Last night at the Advanced Research Projects Agency—Energy (ARPA-E) Innovation Summit in Washington, D.C., eight early-stage energy startups had three minutes to sell a panel of high-level angel investors and venture capitalists on their hair-brained schemes. The ideas on the table ranged from innovative geometries for vehicle natural gas tanks to wireless electric vehicle charging schemes; here are three that stood out to me.
Altenera Technology: Rotation-free, noiseless wind power
The Altenera BreezeBee is a wind turbine that doesn't turn. Okay, so it's not really a turbine. It is instead a grouping of vibratory "reeds." The hexagonal panels incorporating these reeds can snap together "like LEGOs," making the idea scalable to virtually any size. Chase McCarthy, who presented the idea to the panel, says the first goal is to combine the BreezeBee with solar installations or to throw them up on water towers and similar structures; he estimated a cost of between 10 and 20 cents per kilowatt-hour, making it competitive with other wind technologies.
How, exactly, the BreezeBee works isn't entirely clear. McCarthy says the reeds vibrate and make use of Faraday fields, but that was about it. He says it is patented, though. Still, the claim of "noiseless" was questioned by some on the investor panel, considering the fact that vibrations are involved. McCarthy was also a bit short on some wind power-relevant details such as price per kilogram of material, and energy generated per unit area. The investors were a bit ruthless: without some of that info, one said, "It's a hobby." Still, a vibrating wind power device that requires basically no moving parts in the way a standard turbine does has undeniable appeal.
Gravaton Energy Resources: Ambient temperature change converted to mechanical energy
There is a chance—a chance!—that this company has solved the world's energy problems. We're a bit short on numbers at the moment, but it certainly sounds good: Gravaton has invented a device that captures the energy in ambient air temperature changes and turns it into storable, usable mechanical energy.
Essentially it works like this: as the temperature outside changes, the pressure inside a cylinder also changes. That pressure change can raise a mass within the cylinder. When it reaches the top, the mass can sit and wait until energy is needed, when gravity brings it back down through the cylinder and turns a turbine to create electricity. Mike Brewer, one of the company's founders, presented the idea and said they have already completed a small prototype proving the concept is feasible. A "continuous cycle" prototype is three months away, and an actual 100-kilowatt power plant version of this could be built within 18 months, given the right funding. The numbers he did offer sound a bit too good to be true: a levelized cost of electricity of around 2 cents per kilowatt-hour, and that 100-kw plant would have a footprint of only 20 feet by 30 feet.
The investor panel was a skeptical bunch; it seems there might be a chicken-and-egg problem here: The money folks need to see a bigger prototype in action before funding it, but the company can't build it without the funding. And part of me still feels like this somehow violates some law of physics or other.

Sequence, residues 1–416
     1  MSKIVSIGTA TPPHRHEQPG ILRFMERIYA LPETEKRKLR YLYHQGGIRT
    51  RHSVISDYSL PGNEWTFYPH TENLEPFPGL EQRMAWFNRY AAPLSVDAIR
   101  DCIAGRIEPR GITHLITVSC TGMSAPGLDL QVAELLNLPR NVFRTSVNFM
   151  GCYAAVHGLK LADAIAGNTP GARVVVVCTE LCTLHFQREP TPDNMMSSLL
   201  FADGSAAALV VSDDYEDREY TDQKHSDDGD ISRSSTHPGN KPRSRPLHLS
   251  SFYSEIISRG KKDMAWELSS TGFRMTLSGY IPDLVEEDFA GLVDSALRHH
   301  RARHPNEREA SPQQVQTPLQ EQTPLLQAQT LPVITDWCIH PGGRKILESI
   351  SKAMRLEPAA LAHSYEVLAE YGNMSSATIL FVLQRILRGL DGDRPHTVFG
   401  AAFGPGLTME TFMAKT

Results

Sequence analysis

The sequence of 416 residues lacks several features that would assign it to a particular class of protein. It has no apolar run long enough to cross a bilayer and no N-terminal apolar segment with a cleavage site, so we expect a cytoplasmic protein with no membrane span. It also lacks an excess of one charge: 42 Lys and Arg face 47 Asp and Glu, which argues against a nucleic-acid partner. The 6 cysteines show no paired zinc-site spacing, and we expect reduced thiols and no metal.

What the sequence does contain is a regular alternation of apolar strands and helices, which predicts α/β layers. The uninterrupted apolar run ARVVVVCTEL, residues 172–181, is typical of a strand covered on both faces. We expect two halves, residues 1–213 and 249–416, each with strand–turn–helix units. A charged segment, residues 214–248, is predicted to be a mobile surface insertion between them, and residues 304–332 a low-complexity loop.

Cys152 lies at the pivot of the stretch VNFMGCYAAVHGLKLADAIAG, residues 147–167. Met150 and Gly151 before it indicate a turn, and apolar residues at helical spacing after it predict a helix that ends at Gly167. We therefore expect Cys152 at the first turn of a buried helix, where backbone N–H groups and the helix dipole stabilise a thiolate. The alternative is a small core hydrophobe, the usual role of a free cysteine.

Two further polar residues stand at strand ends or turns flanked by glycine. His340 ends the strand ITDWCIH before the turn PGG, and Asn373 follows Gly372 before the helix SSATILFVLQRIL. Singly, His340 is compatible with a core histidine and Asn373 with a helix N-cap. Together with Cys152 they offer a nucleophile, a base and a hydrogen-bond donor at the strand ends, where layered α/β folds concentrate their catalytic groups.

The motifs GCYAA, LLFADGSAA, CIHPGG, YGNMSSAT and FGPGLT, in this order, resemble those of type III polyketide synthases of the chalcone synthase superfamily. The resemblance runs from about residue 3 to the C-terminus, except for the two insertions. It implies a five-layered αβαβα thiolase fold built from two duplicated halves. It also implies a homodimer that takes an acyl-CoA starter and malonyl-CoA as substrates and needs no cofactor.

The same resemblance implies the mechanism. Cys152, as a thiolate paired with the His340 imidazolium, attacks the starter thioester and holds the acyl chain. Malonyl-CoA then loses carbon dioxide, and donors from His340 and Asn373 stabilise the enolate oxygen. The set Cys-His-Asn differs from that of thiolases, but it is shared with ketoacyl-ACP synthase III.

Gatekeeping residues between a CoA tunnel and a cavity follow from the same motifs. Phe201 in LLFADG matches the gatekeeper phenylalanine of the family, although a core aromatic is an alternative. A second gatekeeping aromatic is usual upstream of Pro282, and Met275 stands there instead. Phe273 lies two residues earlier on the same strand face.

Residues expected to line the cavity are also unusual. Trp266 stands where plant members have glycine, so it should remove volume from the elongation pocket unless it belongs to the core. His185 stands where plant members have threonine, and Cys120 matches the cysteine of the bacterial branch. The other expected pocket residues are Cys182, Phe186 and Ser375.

Transatomic Power: Uranium molten salt reactor
This idea had by far the most history and star power behind it; molten salt reactors have been under investigation for decades, and Transatomic's pitch was given by CEO Russ Wilcox, who previously founded E Ink, of Kindle electronic paper fame. (He sold that company for almost half a billion dollars, in case you're wondering).
The humbly named Waste-Annihilating Molten Salt Reactor, or WAMSR, uses nuclear waste that is dissolved into a flouride salt form instead of the standard solid uranium used in common fission reactors. The advance that the company claims over previous attempts—thanks to work primarily by two M.I.T. graduate students, Mark Massie and Leslie Dewan—is a design that essentially shrinks the reactor by a factor of 20. Wilcox said this type of reactor can use up to 97 or 98 percent of the nuclear fuel, compared to about 3 percent in a standard solid fuel reactor. The company is nothing if not ambitious; according to the website, "at full deployment, our reactors can use existing stockpiles of nuclear waste to satisfy the world’s electricity needs through 2083." For the moment, they're aiming for a 500-megawatt reactor (about half the size of standard nuclear reactors) that would cost $1.7 billion, far cheaper than nuclear costs tend to run.
Wilcox claimed the different type of plant, with basically no risk of meltdown, would alleviate public fears surrounding nuclear, which is a central blockade to its use. I might argue that the general public won't necessarily grasp the difference—it is still uranium, after all—but there is a definite appeal to a relatively modular, somewhat cheap system that could burn up our nuclear waste and render the Yucca Mountains of the world obsolete.
Image: Altenera Technology